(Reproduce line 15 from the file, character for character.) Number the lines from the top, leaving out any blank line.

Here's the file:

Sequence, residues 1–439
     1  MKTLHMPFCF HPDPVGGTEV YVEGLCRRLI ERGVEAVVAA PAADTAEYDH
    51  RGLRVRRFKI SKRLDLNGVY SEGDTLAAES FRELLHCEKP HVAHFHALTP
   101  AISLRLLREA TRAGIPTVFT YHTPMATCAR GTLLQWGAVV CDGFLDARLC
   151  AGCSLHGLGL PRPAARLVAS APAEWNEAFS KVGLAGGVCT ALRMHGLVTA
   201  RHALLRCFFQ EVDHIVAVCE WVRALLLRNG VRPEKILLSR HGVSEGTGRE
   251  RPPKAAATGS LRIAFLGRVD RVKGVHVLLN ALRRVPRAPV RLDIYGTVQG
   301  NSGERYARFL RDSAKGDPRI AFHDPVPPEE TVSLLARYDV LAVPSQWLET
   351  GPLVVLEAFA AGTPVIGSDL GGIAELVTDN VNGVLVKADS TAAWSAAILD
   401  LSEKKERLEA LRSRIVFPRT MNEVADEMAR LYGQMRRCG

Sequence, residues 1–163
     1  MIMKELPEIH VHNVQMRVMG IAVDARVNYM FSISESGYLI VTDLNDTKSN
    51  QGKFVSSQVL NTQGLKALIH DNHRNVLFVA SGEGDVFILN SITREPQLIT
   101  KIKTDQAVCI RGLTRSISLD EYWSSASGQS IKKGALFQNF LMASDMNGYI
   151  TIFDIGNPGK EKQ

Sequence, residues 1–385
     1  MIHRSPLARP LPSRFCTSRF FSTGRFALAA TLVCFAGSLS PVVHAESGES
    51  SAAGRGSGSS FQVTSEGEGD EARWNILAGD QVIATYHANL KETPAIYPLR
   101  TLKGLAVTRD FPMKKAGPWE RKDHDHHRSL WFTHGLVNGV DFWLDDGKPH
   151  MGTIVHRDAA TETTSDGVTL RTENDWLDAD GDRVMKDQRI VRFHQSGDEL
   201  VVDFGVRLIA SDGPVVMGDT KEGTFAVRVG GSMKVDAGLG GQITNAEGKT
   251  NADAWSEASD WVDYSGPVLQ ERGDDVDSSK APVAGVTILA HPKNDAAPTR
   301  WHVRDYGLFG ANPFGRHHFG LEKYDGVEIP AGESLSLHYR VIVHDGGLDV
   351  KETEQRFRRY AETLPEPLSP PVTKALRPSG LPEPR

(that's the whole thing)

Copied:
   151  TIFDIGNPGK EKQ